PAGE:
Higher wages for K-12 teachers will mean that we can attract the best, just as Finland does. It’s not about today’s teachers; it’s about tomorrow’s graduates. What’s wrong with national standards as guidelines so that we’re all reading from the same page? Why shouldn’t our school adminstrators be required to be technology literate so that they can tell the difference between technology baloney and real solutions to learning problems?

In the end, it’s still the teacher who makes all the difference. Our best teachers challenge students to do their best. They engage them in thinking and in activities that stretch their imaginations. They make our future possible as a society.

8 Responses

  1. Lots of people have forgotten about science as citizens. I love this post. Recently in Washington DC there was a Science Expo. Then there was a forum at the NAS National Academy of Science on informal learning of science, and then a convention on Science for the Public that was a pre-conference event..

    I particularly liked the AAAS Family Science days
    children and parents spilled into the convention center for experiences with lots of different kinds of science. It was an amazing event.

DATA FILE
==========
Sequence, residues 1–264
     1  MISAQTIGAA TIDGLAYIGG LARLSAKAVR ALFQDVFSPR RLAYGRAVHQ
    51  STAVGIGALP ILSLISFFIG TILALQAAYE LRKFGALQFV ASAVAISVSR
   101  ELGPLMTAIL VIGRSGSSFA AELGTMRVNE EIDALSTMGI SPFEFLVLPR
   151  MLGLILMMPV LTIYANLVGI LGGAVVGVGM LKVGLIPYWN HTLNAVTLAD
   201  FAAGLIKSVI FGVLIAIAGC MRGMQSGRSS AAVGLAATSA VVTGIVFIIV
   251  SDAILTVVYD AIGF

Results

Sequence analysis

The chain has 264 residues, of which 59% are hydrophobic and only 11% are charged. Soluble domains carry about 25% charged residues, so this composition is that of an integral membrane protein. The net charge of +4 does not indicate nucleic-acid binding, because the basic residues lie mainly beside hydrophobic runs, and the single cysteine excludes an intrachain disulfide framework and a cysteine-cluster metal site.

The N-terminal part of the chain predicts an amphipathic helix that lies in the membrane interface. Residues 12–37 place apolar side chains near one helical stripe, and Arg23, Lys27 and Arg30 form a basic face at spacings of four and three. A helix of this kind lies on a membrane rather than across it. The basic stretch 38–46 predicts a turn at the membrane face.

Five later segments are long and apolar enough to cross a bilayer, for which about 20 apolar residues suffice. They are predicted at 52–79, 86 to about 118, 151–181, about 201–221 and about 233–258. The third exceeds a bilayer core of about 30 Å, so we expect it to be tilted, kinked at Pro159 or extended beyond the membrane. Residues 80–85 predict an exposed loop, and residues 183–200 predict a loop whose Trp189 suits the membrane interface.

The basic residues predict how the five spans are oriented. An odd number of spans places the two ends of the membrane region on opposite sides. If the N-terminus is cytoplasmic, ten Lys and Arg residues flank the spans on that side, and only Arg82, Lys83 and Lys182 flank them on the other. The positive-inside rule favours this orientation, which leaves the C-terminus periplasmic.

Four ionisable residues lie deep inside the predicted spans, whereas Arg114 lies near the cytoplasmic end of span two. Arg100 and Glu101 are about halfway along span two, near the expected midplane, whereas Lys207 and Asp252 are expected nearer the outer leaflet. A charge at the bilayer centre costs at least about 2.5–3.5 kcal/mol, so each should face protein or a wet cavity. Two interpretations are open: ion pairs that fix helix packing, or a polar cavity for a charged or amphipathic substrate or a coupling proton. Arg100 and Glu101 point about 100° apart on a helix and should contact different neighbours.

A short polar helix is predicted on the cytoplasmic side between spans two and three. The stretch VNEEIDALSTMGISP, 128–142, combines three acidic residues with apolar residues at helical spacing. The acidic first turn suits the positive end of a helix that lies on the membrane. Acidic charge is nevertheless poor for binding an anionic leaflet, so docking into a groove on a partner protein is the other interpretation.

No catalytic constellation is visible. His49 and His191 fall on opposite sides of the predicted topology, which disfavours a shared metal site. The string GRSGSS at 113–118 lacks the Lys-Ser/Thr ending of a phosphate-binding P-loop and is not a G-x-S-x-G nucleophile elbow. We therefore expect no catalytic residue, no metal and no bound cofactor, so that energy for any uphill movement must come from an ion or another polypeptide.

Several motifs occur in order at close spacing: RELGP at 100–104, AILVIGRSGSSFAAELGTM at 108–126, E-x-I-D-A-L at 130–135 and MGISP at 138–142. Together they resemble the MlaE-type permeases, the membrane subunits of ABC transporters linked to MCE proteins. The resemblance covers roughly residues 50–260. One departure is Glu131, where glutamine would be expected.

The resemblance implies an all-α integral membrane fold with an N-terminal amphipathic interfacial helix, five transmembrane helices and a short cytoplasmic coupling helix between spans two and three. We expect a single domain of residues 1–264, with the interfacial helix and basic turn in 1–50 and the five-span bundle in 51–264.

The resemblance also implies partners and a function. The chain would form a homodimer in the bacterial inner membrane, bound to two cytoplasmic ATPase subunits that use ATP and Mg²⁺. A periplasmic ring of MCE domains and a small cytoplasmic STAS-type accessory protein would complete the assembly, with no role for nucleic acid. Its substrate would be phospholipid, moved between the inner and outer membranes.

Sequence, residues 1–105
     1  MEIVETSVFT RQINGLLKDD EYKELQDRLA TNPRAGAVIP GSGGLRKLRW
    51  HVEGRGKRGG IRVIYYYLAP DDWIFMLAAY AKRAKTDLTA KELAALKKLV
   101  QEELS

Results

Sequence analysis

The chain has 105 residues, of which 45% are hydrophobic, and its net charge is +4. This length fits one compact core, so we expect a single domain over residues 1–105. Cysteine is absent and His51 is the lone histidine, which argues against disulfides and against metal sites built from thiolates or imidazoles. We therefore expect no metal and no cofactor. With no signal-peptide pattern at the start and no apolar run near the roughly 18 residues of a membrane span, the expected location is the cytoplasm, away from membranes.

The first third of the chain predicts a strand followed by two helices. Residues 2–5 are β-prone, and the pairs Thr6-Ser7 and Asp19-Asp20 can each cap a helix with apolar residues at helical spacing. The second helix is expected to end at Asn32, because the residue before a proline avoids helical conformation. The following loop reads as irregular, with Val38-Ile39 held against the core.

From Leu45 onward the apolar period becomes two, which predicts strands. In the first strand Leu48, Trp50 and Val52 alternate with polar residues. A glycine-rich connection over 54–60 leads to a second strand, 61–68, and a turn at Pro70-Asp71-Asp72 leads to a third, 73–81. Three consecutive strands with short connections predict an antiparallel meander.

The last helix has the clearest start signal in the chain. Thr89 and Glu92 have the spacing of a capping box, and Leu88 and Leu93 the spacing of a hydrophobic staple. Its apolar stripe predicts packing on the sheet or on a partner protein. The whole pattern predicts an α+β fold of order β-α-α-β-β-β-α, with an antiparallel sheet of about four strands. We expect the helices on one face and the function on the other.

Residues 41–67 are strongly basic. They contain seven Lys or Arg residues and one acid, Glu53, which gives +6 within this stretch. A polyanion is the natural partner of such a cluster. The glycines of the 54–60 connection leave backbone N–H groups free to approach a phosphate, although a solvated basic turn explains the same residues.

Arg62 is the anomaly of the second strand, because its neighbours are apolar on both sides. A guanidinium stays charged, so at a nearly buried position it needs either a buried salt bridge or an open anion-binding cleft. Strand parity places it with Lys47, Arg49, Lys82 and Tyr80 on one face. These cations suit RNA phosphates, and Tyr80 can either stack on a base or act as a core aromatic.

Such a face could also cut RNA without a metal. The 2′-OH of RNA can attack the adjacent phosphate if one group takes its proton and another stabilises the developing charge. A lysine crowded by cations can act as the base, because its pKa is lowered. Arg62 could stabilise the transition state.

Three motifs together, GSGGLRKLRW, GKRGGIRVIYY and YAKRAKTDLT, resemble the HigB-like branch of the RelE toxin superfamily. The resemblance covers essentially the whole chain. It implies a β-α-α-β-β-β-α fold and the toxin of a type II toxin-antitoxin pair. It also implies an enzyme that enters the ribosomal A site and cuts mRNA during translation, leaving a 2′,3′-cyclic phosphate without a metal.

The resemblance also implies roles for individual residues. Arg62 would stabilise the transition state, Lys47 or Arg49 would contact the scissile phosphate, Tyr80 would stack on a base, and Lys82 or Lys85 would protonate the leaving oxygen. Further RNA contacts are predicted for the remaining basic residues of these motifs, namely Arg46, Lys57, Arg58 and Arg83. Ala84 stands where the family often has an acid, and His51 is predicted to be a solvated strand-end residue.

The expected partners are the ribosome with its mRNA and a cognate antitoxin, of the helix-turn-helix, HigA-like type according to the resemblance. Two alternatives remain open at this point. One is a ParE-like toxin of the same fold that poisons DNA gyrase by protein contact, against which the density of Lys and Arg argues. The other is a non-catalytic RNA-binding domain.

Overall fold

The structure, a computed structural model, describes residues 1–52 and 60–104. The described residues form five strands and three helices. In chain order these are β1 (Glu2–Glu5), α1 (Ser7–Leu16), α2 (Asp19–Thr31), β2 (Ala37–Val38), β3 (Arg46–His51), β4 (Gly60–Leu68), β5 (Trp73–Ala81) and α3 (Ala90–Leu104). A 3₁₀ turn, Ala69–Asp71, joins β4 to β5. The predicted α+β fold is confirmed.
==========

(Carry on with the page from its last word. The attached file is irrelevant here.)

Science in elementary schools has been shoved out of the door, or was by NCLB. The problem is that it is not tested, not that we want to add more to the kind of testing that people are doing. I think you would have to work in a school to get the drift of how important the testing is to the life of the school.
    But I digress.
    Bonnie Bracey Sutton

  2. I was a young boy when my father took us all out into the back yard to see something remarkable: one of the stars was moving across the night sky. Little did I know how that moving star would change my life.

    Suddenly science was everywhere, and not many years after that I found myself immersed in it. Although I was later to leave that pursuit due to circumstances that had nothing to do with science itself, our “sputnik generation” shows me today what can happen when we give something its proper emphasis.